Courtesy of Princeton Athletic Communications
NORFOLK, Va. -- Despite taking the lead twice in the first half, it took a Teresa Benvenuti overtime penalty stroke golden goal to send the No. 2 Princeton field hockey team to the national championship game. The Tigers (20-1) handed No. 5 Maryland a 3-2 loss in the NCAA semifinals and will face top-seeded North Carolina in the finals. The Tar Heels advanced to the championship game behind a 6-1 victory over No. 5 Syracuse.
With the win, the Tigers will appear in their first NCAA Field Hockey Championship title game since 1998. Owners of the Ivy League's only two previous appearances in the national championship game, Princeton lost in the championship game in 1998 (Old Dominion) and 1996 (North Carolina). The Ivy League is now 3-4 all-time in national semifinal games with Princeton owning a 3-3 mark in those appearances.
The Tigers took control immediately, but were unable to preserve their advantage before halftime. On a long drive down the field, Kathleen Sharkey picked up the ball on the left side outside the circle. The nation's leading scorer then masterfully maneuvered around several Maryland defenders into the circle and ripped a forehand from straight on to put Princeton up 1-0 at 3:17.
Six minutes later Maryland was awarded two consecutive penalty corner opportunities, capitalizing on its second set piece play. After the initial shot was deflected off goalie Christina Maida's pads, the Terrapins' Jill Witmer tapped in the tying goal at 9:09.
With 20:55 to play, the Terps' Janessa Pope sprinted past the Tiger backline and set up for a one-on-one shot with Maida. Pope's drive would be abruptly stopped as Maida dived out of the cage to kick the ball out of the circle.
An aggressive Sharkey continued to look for scoring chances to break up the tie. With 12 minutes to play in the first, she employed another artful drive circling past Terp defenders. With a quick backstroke, she sent in a shot from the right side, but UM goalie Natalie Hunter was able to kick it out of the circle.
Down a player due to a card, a persistent Princeton side drove the ball into the Maryland circle and Sharkey was there again to finish on another goal. Katie Reinprecht picked up the loose ball in traffic and connected with Sharkey on the right side of the cage. The striker's first shot would be deflected off Hunter's pads, but she followed through on the bouncing ball to lift Princeton to a 2-1 advantage at 25:47.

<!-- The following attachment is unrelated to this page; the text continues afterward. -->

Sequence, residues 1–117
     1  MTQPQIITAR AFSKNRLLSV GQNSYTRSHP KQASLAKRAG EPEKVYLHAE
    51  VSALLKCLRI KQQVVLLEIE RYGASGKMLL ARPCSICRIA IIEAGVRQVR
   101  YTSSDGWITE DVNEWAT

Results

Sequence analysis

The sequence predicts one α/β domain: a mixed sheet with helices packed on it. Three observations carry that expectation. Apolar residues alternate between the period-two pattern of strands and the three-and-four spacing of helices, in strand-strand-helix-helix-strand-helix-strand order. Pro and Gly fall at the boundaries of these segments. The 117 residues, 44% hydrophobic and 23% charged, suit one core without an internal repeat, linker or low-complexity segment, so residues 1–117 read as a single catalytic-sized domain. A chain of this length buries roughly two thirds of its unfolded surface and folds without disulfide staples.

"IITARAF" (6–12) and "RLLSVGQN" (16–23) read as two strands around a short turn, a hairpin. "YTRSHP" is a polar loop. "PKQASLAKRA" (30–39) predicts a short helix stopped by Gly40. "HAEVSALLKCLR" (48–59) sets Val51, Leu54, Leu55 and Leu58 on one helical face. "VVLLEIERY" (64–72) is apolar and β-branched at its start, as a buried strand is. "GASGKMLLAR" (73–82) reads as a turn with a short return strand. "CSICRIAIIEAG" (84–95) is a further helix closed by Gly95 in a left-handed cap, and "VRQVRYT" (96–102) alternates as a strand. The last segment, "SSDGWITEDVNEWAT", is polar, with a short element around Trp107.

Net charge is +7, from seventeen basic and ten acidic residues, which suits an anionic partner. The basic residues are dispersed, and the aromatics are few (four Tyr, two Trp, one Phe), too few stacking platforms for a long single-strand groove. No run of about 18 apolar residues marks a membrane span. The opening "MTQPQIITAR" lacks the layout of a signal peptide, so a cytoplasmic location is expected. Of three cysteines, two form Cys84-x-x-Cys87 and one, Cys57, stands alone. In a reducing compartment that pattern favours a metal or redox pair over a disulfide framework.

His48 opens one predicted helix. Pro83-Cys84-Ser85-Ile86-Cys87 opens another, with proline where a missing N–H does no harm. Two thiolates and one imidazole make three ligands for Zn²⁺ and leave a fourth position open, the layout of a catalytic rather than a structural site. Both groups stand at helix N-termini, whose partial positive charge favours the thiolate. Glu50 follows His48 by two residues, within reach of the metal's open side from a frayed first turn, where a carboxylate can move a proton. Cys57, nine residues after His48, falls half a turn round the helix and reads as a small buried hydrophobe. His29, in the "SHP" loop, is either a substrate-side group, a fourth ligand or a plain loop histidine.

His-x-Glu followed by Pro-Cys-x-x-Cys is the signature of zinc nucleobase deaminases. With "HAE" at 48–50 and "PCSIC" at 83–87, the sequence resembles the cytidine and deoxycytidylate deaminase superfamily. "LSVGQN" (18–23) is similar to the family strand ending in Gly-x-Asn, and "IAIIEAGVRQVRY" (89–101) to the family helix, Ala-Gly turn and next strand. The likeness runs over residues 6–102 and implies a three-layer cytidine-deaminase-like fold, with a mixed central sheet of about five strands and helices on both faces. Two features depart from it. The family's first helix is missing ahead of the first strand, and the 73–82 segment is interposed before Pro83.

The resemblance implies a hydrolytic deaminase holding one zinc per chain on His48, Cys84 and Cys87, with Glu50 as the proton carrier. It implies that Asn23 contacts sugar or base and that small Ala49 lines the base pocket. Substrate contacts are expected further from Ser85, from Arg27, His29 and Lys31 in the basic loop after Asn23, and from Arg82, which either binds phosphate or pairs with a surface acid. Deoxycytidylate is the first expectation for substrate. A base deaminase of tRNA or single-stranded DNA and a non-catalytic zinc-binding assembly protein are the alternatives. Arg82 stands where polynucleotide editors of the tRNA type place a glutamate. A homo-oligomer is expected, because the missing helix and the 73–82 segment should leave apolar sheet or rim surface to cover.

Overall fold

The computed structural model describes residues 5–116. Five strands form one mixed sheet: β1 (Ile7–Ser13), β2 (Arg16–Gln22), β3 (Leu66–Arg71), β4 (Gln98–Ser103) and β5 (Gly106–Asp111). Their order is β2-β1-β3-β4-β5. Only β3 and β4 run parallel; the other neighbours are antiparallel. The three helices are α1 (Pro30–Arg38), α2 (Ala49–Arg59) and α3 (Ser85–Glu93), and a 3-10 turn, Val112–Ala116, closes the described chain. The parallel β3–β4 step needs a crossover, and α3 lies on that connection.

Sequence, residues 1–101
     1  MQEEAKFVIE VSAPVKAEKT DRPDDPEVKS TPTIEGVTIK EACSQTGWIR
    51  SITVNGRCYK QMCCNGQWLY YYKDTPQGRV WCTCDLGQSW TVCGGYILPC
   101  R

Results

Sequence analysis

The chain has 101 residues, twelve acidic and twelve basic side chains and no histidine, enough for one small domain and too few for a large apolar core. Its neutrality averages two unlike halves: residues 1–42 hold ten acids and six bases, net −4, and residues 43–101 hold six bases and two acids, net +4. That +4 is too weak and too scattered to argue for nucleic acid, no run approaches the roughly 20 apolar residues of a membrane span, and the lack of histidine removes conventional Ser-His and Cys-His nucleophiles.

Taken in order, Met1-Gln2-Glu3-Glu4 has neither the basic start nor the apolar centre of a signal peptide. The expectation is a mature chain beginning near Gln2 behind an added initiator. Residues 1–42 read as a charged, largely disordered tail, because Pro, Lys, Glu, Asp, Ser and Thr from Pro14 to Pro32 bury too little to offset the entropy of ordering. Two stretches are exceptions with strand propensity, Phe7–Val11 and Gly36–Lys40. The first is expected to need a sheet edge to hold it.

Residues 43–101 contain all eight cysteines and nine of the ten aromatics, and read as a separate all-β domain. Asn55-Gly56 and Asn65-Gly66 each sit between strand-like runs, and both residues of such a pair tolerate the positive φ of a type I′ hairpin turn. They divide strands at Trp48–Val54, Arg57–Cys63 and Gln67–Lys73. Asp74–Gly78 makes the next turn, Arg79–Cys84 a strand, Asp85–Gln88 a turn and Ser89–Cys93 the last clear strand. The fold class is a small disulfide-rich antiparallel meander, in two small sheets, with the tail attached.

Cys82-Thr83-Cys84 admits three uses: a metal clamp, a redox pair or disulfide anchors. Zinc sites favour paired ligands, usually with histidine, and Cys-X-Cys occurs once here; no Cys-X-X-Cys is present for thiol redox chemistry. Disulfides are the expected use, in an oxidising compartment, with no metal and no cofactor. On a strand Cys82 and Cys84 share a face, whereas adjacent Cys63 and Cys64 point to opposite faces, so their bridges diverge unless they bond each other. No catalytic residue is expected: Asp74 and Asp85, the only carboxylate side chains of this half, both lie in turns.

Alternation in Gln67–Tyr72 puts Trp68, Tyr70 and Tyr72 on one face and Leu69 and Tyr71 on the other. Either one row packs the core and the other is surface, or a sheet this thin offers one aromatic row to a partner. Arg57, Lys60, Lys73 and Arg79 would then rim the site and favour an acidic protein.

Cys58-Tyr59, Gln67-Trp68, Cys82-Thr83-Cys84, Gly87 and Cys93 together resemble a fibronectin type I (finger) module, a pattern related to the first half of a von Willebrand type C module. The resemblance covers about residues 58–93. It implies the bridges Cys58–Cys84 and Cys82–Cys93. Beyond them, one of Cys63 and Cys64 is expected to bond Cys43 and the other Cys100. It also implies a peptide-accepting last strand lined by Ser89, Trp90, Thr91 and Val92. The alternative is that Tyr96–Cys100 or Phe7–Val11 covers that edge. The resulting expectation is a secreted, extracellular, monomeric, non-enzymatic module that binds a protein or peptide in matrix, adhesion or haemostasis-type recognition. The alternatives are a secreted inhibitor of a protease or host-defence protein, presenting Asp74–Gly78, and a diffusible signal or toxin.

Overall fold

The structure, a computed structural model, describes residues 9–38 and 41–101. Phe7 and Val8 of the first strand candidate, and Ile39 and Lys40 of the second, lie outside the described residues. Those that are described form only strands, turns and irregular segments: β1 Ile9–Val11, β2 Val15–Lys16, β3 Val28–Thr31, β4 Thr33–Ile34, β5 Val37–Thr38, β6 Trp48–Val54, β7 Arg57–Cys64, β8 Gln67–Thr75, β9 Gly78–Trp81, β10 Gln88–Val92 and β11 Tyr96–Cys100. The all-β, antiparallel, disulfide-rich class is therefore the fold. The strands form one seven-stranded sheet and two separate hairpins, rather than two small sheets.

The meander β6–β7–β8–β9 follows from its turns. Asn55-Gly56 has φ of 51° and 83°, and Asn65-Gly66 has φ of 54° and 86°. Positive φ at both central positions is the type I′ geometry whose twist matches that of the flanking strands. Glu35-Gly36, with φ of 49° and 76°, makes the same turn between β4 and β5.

With less than six to play in the first half, Princeton was awarded two straight penalty corners, but was unable to finish on either chance. On the second corner, Maryland sailed the ball into the Princeton half of the field. With numbers not on their side, Tiger defender Kelsey Bryne sprinted to the charging Terp striker, stole the ball and fed it back into UM's half of the field preventing them from taking Maida on one-on-one.
Maida finished the game with three saves, making several gutsy stops throughout the 70-minute battle.
Down 2-1 at 57:20, a Maryland penalty corner was deflected off a Tiger defender and the Terrapins were awarded a penalty stroke. UM's Ali McEvoy chipped in the stroke above Maida's head to even the score 2-2.
As time expired, the Tigers earned a pair penalty corners. Princeton was unable to find a clear line to the cage, sending the game into overtime.
In its first overtime game since Sept. 6, a 3-2 win over then-No. 8 Penn State, Princeton controlled possession from the get-go. Michelle Cesan drove the ball into the circle on the right side, but was fouled in the circle and earned a penalty stroke.
Benvenuti then went up to take the stroke, the first of her career, and slammed in the ball past a lunging Hunter to the right side at the 75:56-minute mark.
Princeton held advantages in shots (9-8), shots on goal (8-5) and penalty corners (6-4). Maryland held a 5-3 differential in saves.